You will be redirected back to your article in seconds

Film Review: ‘Wait for Your Laugh’

Fabled funny lady Rose Marie looks back on her nine decades in showbiz.

Jason Wise
Rose Marie, Dick Van Dyke, Carl Reiner, Ruthie Shapiro, Georgiana Rodrigues, Dan Harmon, Tim Conway, Peter Marshall, Allen Sviridoff, Harlan Boll
Release Date:
Nov 3, 2017

1 hour, 26 minutes

Official Site: http://www.imdb.com/title/tt5710688/combined

The recent death of fabled French star Danielle Darrieux at age 100 prompted speculation that she might have sustained the longest career in showbiz. However, still-alive-and-kicking Rose Marie has the edge — though retired (most reluctantly) at a mere 94 years, she started nine full decades earlier, racking up a career that encompassed practically every popular performance medium in the U.S. As lively and likable as its subject, Jason Wise’s documentary “Wait for Your Laugh” pays fond tribute to a tireless trooper whom generations have known mostly as a wisecracking second banana often funnier than the bigger stars she supported. It should draw out patrons “of a certain age” who likely haven’t journeyed to the multiplex for some while.

Wheelchair-bound now, Rose Marie’s mind remains sharp as a tack, and she happily walks us through one hell of a professional resume. Born Rose Marie Mazetta in 1923 Manhattan, she was taken to shows from an early age by her fun-loving mother, and her extraordinarily precocious imitations of their stars (particularly Sophie Tucker) led to an amateur talent contest win at age 4. Soon she was signed by NBC — radio’s first nationwide broadcaster — then put on the vaudeville circuit to “prove I was a child” with a uniquely “adult voice,” rather than an adult pretending to be a tot. Her hugely popular act not-infrequently ran afoul of child labor laws, which her father handled, not out of benevolence, but because she was that “mean man’s” meal ticket. She was also his illegitimate child, and he apparently reserved any kindler parental motivations for his “legitimate” other family.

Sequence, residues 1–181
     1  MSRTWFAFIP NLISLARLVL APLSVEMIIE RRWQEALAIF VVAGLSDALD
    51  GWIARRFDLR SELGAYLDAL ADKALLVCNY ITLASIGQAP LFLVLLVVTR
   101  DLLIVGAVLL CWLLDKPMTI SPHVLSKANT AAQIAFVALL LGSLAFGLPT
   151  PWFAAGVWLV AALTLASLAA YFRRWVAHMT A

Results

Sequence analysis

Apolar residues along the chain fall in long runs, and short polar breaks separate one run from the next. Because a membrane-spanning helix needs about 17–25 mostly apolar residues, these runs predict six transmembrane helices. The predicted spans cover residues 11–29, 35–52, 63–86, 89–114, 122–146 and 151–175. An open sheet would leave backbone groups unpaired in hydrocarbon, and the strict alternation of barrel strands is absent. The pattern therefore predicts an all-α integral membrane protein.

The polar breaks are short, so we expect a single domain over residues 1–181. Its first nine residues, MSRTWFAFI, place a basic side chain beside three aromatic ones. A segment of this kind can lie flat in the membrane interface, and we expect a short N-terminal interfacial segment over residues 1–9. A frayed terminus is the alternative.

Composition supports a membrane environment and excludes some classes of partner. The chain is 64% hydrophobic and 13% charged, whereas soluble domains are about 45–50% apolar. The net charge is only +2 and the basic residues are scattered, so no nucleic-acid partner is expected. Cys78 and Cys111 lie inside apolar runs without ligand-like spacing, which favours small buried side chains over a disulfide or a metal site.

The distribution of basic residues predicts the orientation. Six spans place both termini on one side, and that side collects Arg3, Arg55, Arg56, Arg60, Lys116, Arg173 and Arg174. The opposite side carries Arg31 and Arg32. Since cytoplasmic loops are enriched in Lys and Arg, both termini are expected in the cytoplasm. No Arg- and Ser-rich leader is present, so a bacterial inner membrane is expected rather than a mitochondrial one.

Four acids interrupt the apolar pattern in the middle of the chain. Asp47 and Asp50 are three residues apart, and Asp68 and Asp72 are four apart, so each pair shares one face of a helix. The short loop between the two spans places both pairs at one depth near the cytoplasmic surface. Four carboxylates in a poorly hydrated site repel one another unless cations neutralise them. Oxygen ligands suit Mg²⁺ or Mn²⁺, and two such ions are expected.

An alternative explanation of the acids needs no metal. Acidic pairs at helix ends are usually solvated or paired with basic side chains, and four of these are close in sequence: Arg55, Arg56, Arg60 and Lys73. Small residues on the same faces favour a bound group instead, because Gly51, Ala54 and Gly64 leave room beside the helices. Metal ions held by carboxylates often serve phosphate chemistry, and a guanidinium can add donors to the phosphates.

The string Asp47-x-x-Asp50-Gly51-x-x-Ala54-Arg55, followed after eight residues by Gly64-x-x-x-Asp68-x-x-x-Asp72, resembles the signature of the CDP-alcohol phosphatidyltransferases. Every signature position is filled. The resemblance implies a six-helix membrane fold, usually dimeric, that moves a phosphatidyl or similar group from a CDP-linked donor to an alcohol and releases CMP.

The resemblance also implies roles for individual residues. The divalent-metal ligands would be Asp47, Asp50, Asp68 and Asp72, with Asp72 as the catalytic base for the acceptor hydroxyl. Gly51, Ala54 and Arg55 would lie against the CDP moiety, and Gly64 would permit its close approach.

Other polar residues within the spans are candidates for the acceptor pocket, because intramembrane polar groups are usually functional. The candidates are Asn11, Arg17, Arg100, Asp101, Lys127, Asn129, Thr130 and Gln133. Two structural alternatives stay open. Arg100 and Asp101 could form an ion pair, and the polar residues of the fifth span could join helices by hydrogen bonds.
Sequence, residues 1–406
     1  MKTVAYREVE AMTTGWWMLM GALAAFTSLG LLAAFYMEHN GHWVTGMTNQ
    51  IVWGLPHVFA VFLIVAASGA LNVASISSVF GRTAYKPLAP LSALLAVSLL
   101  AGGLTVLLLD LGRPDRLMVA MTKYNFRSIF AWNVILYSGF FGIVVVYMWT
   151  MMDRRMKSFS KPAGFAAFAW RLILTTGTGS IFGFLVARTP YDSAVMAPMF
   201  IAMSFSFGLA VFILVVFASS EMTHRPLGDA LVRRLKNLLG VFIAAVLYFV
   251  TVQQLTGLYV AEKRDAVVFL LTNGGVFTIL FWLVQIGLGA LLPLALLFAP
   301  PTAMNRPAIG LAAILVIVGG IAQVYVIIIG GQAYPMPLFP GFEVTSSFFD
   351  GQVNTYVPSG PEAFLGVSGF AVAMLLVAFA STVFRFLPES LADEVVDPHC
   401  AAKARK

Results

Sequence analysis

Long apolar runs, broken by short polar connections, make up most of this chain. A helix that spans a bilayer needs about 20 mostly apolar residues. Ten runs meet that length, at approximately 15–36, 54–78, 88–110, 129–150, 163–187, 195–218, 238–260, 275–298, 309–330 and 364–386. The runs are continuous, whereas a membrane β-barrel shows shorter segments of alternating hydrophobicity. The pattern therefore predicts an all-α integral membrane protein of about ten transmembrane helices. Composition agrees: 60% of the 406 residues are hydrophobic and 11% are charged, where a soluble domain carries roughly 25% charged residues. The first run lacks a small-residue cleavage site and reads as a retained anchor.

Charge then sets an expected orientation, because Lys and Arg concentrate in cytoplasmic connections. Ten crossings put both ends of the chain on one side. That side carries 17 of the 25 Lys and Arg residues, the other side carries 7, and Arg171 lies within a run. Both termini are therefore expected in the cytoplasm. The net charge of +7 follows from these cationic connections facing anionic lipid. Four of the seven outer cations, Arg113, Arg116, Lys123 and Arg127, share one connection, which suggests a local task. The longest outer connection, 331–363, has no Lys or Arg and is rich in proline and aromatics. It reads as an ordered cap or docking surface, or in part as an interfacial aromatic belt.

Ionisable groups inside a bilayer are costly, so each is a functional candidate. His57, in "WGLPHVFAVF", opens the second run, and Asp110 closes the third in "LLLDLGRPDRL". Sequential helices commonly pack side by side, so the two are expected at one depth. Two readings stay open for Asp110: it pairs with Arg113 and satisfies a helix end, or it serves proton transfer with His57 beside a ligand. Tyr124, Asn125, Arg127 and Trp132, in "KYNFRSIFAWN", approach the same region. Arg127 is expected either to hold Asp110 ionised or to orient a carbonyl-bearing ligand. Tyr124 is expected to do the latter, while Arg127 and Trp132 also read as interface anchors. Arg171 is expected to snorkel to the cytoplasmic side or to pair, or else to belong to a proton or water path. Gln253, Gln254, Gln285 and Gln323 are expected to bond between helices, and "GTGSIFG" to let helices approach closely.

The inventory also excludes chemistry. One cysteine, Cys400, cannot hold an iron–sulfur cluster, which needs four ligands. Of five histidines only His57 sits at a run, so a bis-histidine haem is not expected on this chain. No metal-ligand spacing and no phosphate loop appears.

Fame as “Baby Rose Marie” continued for some years, furthered by appearances in several short subjects and the 1933 W.C. Fields classic “International House.” Unlike most child stars, she had little trouble transitioning past that role, re-inventing herself as a successful nightclub singer once she’d matured enough in her teens to assume an adult persona. When her stature had risen enough that she needed a longer act as headliner, she began adding comedy bits, which came so naturally she was soon regarded primarily as a comedienne. That knack got her to Broadway in the hit musical “Top Banana” with Phil Silvers. She was greatly disappointed when all her numbers were cut from the subsequent 1954 film version (purportedly because she refused a producer’s advances). This somewhat soured her on the big screen, where she made relatively few appearances over the ensuing decades.

But the new medium of television would prove her most enduring showcase. After a slew of guest appearances (and recurring roles on “The Bob Cummings Show” and “My Sister Eileen,” neither noted here), she became part of the golden ensemble on “The Dick Van Dyke Show,” joining its star and Morey Amsterdam as staff writers on a fictitious show-within-the-show. Chemistry was ideal off-screen as on; all concerned were “devastated” when creator Carl Reiner decided to pull the plug five years in, before the still-popular series got stale. She had another harmonious working experience on the shorter-lived “Doris Day Show,” and as a quipping panelist for nearly the entire run of syndicated gameshow “The Hollywood Squares.” Otherwise, it was back to guest spots, increasingly cornered into the usual sour niche Hollywood reserves for aging funny ladies: Combative mothers-in-law, grouchy-old-battle-ax neighbors and other harridans.

Not that she complained much. Though hardly a pushover (“You don’t want to cross Rose Marie. She’ll cut your head off,” “Squares” host Peter Marshall says), known to agitate for better (and more) material, she was a driven workaholic who could barely stand to be between gigs. Nonetheless, she found time to raise a daughter with big-band trumpeter Bobby Guy — a true love match that ended with his death from a mysterious blood infection at age 48. She never remarried, always performing with a black mourning bow in her hair.

In 1977, she had a surprise triumph with the revue “4 Girls 4,” co-starring fellow singing “old broads” Margaret Whiting, Rosemary Clooney and Helen O’Connell (who reportedly drove the others nuts). It toured for years. While physical infirmities have prevented her from working since a last voice credit on the “Garfield” cartoon series four years ago, it’s clear here she’s still acutely frustrated by retirement.

The role of Sally on “Dick Van Dyke” was ideal for a performer of the old school who was indeed “one of the boys,” accustomed to making her voice loudly heard in male-dominated environs. Given the major creative input others testify to her having on that show and on “4 Girls,” it’s perhaps curious she never pursued directing or writing credits — though given her love of the spotlight, working behind the scenes may have had little appeal.